An international group of scientists led by the University of Cambridge has finished designing the ‘brain’ of the Square Kilometre Array (SKA), the world’s largest radio telescope. When complete, the SKA will enable astronomers to monitor the sky in unprecedented detail and survey the entire sky much faster than any system currently in existence.
Designing this supercomputer wouldn’t have been possible without such an international collaboration behind it
The SKA’s Science Data Processor (SDP) consortium has concluded its engineering design work, marking the end of five years’ work to design one of two supercomputers that will process the enormous amounts of data produced by the SKA’s telescopes.
The SDP consortium, led by the University of Cambridge, has designed the elements that will together form the ‘brain’ of the SKA. SDP is the second stage of processing for the masses of digitised astronomical signals collected by the telescope’s receivers. In total, close to 40 institutions in 11 countries took part.
The UK government, through the Science and Technology Facilities Council (STFC), has committed £100m to the construction of the SKA and the SKA Headquarters, as its share as a core member of the project. The global headquarters of the SKA Organisation are located in the UK at Jodrell Bank, home to the iconic Lovell Telescope
“It’s been a real pleasure to work with such an international team of experts, from radio astronomy but also the High-Performance Computing industry,” said Maurizio Miccolis, SDP’s Project Manager for the SKA Organisation. “We’ve worked with almost every SKA country to make this happen, which goes to show how hard what we’re trying to do is.”
The role of the consortium was to design the computing hardware platforms, software, and algorithms needed to process science data from the Central Signal Processor (CSP) into science data products.
“SDP is where data becomes information,” said Rosie Bolton, Data Centre Scientist for the SKA Organisation. “This is where we start making sense of the data and produce detailed astronomical images of the sky.”
To do this, SDP will need to ingest the data and move it through data reduction pipelines at staggering speeds, to then form data packages that will be copied and distributed to a global network of regional centres where it will be accessed by scientists around the world.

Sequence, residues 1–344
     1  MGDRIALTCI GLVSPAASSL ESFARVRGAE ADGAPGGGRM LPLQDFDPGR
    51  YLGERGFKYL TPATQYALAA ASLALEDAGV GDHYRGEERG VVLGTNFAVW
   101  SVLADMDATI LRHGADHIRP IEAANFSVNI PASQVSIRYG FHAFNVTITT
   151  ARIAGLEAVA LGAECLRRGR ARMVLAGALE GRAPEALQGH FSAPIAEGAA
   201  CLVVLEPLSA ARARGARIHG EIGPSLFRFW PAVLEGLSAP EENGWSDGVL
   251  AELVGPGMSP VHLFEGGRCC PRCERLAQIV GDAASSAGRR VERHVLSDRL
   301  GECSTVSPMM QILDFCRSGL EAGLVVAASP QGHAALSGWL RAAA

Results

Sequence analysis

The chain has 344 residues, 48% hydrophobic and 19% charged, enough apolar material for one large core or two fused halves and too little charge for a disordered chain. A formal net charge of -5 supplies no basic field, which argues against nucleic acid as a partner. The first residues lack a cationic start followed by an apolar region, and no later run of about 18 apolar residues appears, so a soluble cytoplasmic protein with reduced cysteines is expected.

SDP itself will be composed of two supercomputers, one located in Cape Town, South Africa and one in Perth, Australia.
“We estimate SDP’s total compute power to be around 250 PFlops – that’s 25% faster than IBM’s Summit, the current fastest supercomputer in the world,” said Maurizio. “In total, up to 600 petabytes of data will be distributed around the world every year from SDP -enough to fill more than a million average laptops.”
Additionally, because of the sheer quantity of data flowing into SDP: some 5 Tb/s, or 100,000 times faster than the projected global average broadband speed in 2022, it will need to make decisions on its own in almost real-time about what is noise and what is worthwhile data to keep.
The team also designed SDP so that it can detect and remove manmade radio frequency interference (RFI) – for example from satellites and other sources – from the data.
“By pushing what’s technologically feasible and developing new software and architecture for our HPC needs, we also create opportunities to develop applications in other fields,” said Maurizio.
High-Performance Computing plays an increasingly vital role in enabling research in fields such as weather forecasting, climate research, drug development and many others where cutting-edge modelling and simulations are essential.
Professor Paul Alexander, Consortium Lead from Cambridge’s Cavendish Laboratory said: “I’d like to thank everyone involved in the consortium for their hard work over the years. Designing this supercomputer wouldn’t have been possible without such an international collaboration behind it.”